The sega is a unique Mauritian art form that involves both song and dance. The sega originated among the slaves, who danced to express their homesickness and suffering, but is now performed and enjoyed by Mauritians from all backgrounds. The song is accompanied by a ravane (a drum covered with goatskin), a maravane (a box filled with stones that rattle when shaken) and a triangle. As a vocalist sings of hardship or love, the dancers move around each other with shuffling steps, and finally sit on the floor, bending backwards and forwards. One of the most famous sega singers was known as Ti-Frère. He revived the art form in the 1950s, and his composition "Anita" is one of the best-known sega songs. He died in 1992.
Mauritius has produced a number of novelists and poets. Most write in French, but recently, several have started to write in Creole. Malcolm de Chazal (1902-81) is the country's best-known writer (he was also a renowned painter). His books include Petrusmok (1951) and Sens Unique (1974) and were written in French. Another French writer, Yvan Lagesse, describes Mauritian life humorously in Comment vivre à l'Île Maurice en 25 leçons (How to live in Mauritius in 25 lessons). Robert Edward Hart, a half-French, half-Irish poet who lived on Mauritius, received the Order of the British Empire and the French Légion d'Honneur for his contributions to the island's cultural life. René Asgarally, Ramesh Ramdoyal and Dev Virahsawmy are writers who experiment with Creole idioms.

 Mauritian artists include Danielle Hitié, who paints local scenes such as Creole houses and Mauritian labourers. Serge Constantin sketches and produces lithographs and oils. Herve de Cotter reproduces scenes from everyday Mauritian life in acrylic, gouache and pastels. Vaco Baissac makes simple drawings that have the appearance of stained glass windows.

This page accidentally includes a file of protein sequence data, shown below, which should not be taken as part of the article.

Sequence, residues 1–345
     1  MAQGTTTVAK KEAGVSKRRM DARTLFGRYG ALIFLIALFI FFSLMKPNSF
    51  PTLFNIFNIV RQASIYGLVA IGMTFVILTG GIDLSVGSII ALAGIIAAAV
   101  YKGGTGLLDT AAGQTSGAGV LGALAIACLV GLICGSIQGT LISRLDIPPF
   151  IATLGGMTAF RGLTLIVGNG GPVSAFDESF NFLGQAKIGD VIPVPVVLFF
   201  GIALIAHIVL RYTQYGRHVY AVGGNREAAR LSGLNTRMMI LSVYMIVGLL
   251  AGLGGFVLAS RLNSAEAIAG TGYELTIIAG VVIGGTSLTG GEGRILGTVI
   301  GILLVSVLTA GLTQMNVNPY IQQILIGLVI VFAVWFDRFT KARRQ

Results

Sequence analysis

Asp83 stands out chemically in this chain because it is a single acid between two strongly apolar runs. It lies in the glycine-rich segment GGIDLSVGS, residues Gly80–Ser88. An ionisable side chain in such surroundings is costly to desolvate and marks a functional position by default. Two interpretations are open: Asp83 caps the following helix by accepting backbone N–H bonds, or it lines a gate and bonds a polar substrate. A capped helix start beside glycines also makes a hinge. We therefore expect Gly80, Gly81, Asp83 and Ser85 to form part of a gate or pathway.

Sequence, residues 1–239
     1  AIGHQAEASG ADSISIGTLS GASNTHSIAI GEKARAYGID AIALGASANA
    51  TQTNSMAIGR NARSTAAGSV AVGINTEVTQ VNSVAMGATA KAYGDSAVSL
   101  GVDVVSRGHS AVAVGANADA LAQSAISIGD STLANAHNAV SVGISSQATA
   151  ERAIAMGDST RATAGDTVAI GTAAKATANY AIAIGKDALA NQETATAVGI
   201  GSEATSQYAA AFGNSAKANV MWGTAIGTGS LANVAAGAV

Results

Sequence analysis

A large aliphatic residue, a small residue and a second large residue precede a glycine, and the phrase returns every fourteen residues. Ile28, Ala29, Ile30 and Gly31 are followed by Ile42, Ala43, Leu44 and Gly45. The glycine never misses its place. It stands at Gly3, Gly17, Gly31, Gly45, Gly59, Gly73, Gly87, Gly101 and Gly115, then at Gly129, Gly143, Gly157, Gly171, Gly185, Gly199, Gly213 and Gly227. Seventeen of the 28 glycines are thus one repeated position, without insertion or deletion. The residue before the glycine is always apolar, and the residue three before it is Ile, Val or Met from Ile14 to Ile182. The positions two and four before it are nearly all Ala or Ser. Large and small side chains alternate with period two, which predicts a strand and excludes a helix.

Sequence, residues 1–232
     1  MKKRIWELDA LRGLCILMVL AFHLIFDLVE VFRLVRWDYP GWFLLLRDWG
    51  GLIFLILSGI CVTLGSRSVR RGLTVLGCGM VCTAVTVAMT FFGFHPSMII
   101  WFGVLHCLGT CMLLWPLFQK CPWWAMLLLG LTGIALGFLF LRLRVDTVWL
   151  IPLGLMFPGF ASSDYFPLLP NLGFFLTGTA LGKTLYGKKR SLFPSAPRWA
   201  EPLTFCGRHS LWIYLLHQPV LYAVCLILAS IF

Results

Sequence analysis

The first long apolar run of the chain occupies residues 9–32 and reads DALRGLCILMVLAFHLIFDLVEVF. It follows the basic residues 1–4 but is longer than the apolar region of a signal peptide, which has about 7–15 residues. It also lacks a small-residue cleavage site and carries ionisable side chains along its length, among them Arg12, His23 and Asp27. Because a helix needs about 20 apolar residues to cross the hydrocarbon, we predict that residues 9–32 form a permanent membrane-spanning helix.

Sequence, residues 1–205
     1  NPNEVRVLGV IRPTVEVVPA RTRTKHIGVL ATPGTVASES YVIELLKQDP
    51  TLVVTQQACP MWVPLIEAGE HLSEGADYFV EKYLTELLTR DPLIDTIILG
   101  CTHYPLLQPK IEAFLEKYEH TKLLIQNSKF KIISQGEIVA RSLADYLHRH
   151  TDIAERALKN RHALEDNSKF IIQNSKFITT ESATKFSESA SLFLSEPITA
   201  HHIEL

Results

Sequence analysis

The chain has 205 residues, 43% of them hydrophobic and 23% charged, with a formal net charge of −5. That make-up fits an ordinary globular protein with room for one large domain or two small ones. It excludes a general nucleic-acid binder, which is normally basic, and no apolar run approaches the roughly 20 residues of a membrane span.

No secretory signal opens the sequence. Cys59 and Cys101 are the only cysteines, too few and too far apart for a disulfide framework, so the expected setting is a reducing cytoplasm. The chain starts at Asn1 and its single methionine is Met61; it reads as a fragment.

Did you know?
In 1744, a ship called St. Géran was wrecked off the northeast coast of Mauritius during a storm. This event inspired French novelist Bernardin de Saint-Pierre to write Paul et Virginie, about two young lovers on Mauritius who are separated when Virginie is sent to France. She returns on the St. Géran and is drowned before she can be reunited with Paul.
A distinctive style of Mauritian architecture emerged during the rule of Mahé de La Bourdonnais in the 18th century. He brought artisans such as tinsmiths, carpenters, cabinetmakers and masons from France to train the slaves. Colonial houses were beautiful and spacious, with verandahs. The best example is the Eureka House. It was so called because Henri Leclezio, a speaker of the Legislative council, cried "eureka" when it was auctioned and his bid was accepted. The Government House at Port Louis is also a good example of 18th-century French colonial architecture.